ALUMNI CORNER: NUTRITION: ONLY PART OF THE EQUATION
Dairy ration formulation and evaluation models that predict performance based on animal, environmental, and nutritional inputs are commonly used in the dairy industry. Use of sophisticated models can allow nutritionists to formulate rations to achieve higher levels of milk and milk component production while managing feed costs. However, no model is perfect, so updates and improvements are necessary to keep models current and relevant to modern cows and production systems. Updates to the CNCPS model have been recently released and a new dairy NRC committee is being formed to update the Dairy NRC model.
These advancements in modeling are exciting and necessary to advance the dairy industry, but all models have limitations. Why? Nutrition accounts for only part of the factors that explain milk and milk component yields. Several other factors including reproduction, genetics, environment, and management also have big impacts on milk and milk component production. The CNCPS modeling group has made improvements to the CNCPS model to account for some of the non-nutritional factors, but more work is needed.
So, how much of the variation in milk yield is attributed to nutrition and what portion is due to all of the other factors? According to a field study conducted in Spain, about 50% of the variation in milk yield can be explained by the following non-nutritional factors (Bach et al., 2008):
1. Amount of feed offered to the cows daily
2. Presence of feed refusals
3. Number of stalls per cow
4. Pushing up of feed
5. Age at first calving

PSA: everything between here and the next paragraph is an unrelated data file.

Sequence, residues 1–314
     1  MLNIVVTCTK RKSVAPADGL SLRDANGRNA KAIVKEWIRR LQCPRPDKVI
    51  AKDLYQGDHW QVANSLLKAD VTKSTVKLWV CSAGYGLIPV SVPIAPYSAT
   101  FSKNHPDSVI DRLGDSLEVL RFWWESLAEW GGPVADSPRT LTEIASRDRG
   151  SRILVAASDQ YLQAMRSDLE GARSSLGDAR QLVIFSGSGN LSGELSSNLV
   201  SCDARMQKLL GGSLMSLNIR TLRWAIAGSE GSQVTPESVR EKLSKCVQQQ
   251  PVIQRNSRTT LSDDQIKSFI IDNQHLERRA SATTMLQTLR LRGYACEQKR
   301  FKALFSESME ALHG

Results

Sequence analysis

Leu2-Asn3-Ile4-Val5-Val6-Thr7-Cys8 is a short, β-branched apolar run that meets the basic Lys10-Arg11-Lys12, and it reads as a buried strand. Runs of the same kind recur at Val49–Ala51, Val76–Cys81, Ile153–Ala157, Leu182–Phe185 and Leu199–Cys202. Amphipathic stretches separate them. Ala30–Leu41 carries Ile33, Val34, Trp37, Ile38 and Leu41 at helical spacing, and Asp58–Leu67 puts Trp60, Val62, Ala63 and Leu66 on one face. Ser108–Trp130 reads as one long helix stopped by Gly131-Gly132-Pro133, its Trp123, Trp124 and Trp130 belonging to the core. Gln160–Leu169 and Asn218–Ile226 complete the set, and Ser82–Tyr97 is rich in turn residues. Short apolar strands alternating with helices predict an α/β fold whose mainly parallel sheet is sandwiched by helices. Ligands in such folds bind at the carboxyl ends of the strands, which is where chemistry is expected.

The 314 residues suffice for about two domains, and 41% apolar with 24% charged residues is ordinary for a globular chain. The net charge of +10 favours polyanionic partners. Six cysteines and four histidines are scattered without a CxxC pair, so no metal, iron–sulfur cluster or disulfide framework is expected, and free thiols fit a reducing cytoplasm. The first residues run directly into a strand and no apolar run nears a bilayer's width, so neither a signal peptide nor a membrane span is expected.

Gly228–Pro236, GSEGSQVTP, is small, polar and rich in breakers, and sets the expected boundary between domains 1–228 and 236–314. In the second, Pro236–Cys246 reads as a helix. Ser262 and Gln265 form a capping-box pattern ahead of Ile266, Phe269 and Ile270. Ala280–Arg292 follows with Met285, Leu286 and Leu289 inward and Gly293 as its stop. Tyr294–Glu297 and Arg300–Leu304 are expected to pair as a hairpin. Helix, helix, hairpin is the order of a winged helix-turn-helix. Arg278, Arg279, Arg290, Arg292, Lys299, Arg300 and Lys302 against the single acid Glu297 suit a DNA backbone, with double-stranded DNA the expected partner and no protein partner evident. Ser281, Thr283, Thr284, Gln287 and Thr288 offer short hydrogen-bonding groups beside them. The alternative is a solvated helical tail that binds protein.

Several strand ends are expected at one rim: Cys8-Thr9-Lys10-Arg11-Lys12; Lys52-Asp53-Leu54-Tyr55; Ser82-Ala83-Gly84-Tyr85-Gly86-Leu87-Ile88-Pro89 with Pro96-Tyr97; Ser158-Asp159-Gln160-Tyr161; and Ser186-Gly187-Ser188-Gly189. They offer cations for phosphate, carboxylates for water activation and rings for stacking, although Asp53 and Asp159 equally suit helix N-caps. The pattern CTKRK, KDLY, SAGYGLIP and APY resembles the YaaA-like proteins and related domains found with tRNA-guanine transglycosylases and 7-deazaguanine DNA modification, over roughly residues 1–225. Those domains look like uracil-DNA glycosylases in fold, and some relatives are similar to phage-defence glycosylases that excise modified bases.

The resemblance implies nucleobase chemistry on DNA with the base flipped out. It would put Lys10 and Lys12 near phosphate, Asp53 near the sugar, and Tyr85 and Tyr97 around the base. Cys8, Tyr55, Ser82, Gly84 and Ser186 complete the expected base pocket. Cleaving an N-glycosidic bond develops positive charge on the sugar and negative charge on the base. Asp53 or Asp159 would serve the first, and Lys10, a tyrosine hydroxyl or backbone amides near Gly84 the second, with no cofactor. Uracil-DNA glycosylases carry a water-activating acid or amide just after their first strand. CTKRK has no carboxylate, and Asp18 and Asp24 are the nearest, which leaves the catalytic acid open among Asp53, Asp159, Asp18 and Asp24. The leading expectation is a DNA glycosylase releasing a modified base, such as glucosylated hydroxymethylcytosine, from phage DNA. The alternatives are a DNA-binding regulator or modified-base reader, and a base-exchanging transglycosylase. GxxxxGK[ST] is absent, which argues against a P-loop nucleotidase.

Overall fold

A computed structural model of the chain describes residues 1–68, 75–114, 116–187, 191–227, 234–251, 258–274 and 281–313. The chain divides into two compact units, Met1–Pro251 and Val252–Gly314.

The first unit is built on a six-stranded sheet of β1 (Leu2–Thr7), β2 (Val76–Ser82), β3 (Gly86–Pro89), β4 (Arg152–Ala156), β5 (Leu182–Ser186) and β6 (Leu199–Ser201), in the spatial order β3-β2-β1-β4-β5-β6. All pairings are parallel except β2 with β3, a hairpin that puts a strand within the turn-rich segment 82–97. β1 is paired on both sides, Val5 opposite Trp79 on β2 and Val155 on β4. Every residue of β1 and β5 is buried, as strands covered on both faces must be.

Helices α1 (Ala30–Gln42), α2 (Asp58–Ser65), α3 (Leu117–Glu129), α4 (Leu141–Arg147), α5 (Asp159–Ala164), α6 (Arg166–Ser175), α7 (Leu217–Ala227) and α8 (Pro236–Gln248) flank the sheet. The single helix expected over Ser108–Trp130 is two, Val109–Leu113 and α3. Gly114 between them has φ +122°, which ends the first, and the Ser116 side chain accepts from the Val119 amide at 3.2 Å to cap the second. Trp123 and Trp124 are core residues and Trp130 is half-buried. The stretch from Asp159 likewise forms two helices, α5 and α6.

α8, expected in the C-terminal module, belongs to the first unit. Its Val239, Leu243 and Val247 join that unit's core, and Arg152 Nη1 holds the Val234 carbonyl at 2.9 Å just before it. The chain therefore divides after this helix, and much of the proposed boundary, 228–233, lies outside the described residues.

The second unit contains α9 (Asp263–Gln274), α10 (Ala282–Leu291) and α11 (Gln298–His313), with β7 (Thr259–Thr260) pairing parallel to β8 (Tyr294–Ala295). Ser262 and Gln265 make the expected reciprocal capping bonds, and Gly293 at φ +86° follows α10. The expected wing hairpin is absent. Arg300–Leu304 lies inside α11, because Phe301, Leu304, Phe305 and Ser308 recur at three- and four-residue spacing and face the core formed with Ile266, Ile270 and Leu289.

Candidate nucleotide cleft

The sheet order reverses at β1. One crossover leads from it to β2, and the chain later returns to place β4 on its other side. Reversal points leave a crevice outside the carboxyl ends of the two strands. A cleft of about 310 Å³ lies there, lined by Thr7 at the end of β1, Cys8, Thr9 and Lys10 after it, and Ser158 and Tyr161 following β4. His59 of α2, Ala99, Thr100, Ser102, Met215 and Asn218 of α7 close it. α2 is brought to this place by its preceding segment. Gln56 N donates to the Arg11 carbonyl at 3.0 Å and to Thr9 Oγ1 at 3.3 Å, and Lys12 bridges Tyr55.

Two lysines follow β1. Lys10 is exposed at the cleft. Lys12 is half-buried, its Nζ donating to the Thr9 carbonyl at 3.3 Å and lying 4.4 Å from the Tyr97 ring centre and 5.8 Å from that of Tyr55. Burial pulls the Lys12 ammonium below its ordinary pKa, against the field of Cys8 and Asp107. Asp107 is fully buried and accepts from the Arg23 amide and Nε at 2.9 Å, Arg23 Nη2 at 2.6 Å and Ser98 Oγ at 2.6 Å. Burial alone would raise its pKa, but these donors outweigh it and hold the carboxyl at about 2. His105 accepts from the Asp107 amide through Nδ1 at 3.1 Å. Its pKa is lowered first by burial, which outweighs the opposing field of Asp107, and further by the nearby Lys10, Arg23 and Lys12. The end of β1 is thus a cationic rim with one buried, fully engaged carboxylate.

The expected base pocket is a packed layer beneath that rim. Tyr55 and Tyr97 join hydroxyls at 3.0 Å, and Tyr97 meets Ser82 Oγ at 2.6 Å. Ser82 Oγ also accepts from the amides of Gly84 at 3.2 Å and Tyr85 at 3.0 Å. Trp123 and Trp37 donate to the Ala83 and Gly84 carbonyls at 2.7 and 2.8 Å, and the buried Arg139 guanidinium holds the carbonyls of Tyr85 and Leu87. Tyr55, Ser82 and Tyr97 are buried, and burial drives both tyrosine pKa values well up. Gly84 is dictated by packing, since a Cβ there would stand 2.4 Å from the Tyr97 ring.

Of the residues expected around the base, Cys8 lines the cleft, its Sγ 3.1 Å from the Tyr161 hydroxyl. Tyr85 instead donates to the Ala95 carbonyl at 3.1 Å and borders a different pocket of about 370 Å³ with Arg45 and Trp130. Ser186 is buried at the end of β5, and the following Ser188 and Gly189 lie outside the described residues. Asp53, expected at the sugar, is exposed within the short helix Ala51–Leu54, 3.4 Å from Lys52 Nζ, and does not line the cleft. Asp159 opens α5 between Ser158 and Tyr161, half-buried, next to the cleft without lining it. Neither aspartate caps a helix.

A total of 47 commercial dairy herds (about 3,130 lactating cows) were used in this field trial. During this 8-month trial, one TMR was mixed using the same feeds in a central location and then transported and fed to the different herds in the area. All herds were milked twice daily and cows were housed mainly in free-stalls with a few on a bedded-pack. Milk yield varied among the herds by 30 lbs even though the same diet was fed to each herd. All herds were located within a 30 mile radius, so the environment was similar as well.
Of the 5 factors above, factors 1-4 will have a direct impact on total daily feed intake, which is an essential part of modeling any ration. However, there may be other impacts of these factors on milk production that are not as easily measured.
The impact of age at first calving on milk production is not easily changed, and as expected, a higher age at first calving was associated with lower milk production. Age at first calving will have an impact on herd performance regardless of the ration the cows are being fed today. However, nutritional models do not currently account for this.
The purpose of reviewing and summarizing the Bach et al. (2008) trial is to remind ourselves that nutrition is only part of the equation for the dairy herd. Nutritionists in the field are often challenged with increasing milk production and/or milk components by manipulating the nutrient and ingredient composition of the ration within a relatively “fixed” management system. Even with the use of more sophisticated ration balancing software, we do not always see the production and/or component responses that the model predicts.
Models continue to evolve to include more of the non-nutritional factors, but incorporating the impact of all possible factors that impact milk production is a daunting task. No matter how good the model is at predicting milk and milk component production, there is no better “model” than the cow.
— Sarah Schuling
Sarah was a post-doctoral research associate at Miner Institute from September 2008 to June 2010. She works as a Dairy R&D nutritionist with Hubbard Feeds, Inc. She works out of her home office in Des Moines, IA and travels through all of Hubbard territory.